Though American white men collectively are arguably the most privileged group on earth, the “political correctness” theme allowed them to bathe in the self-pity of their “victimhood.” It allowed them to get righteous and angry against their supposed persecutors.

There is, of course, a danger whenever a powerful group begins to view itself as the victim, because their real power allows these ersatz oppressed to inflict far greater harm on their enemies than could a group without power.

Historically, the world has seen this phenomenon many times, for instance, when Christians in Europe persuaded themselves that they were at the mercy of cunning Jews. Many of the continent’s anti-Jewish pogroms were conducted by Christians convinced that they were simply defending their way of life, that they were the real victims.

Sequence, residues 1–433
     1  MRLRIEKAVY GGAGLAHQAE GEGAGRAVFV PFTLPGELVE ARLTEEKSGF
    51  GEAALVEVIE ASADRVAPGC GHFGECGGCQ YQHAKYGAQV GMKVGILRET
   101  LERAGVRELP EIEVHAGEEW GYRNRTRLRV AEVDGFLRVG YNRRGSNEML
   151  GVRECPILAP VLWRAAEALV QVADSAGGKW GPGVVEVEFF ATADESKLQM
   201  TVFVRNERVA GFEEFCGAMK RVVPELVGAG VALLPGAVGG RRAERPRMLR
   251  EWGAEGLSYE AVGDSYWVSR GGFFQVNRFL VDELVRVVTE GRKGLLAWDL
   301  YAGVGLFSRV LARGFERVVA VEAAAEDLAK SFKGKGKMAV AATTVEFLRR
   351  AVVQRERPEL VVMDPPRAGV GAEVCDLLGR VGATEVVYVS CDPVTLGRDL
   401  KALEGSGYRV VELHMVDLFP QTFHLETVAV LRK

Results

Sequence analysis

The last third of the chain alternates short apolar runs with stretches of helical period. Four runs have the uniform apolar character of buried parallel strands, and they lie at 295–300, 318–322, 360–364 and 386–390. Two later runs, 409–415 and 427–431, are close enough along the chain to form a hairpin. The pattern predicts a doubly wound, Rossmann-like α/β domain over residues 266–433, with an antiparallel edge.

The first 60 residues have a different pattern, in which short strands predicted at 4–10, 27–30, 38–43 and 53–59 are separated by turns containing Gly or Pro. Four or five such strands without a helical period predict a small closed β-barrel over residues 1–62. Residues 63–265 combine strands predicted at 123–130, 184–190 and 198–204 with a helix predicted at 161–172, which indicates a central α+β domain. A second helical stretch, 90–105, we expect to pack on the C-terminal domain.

Now, the United States is witnessing a similar exploitation of Christian fears and the fanning of Christian anger. The “war on Christmas” theme is one manifestation of this growing chip on the shoulder.

The Right has learned well how it can deploy its powerful media to make even the most ludicrous notion seem real – both frightening and infuriating – to millions of Americans.

[For more on related topics, see Robert Parry’s Lost History, Secrecy & Privilege and Neck Deep, now available in a three-book set for the discount price of only $29. For details, click here.]

Robert Parry broke many of the Iran-Contra stories in the 1980s for the Associated Press and Newsweek. His latest book, Neck Deep: The Disastrous Presidency of George W. Bush, was written with two of his sons, Sam and Nat, and can be ordered at neckdeepbook.com. His two previous books, Secrecy & Privilege: The Rise of the Bush Dynasty from Watergate to Iraq and Lost History: Contras, Cocaine, the Press & ‘Project Truth’ are also available there.

 

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4 comments on “Meaning of the War Over Christmas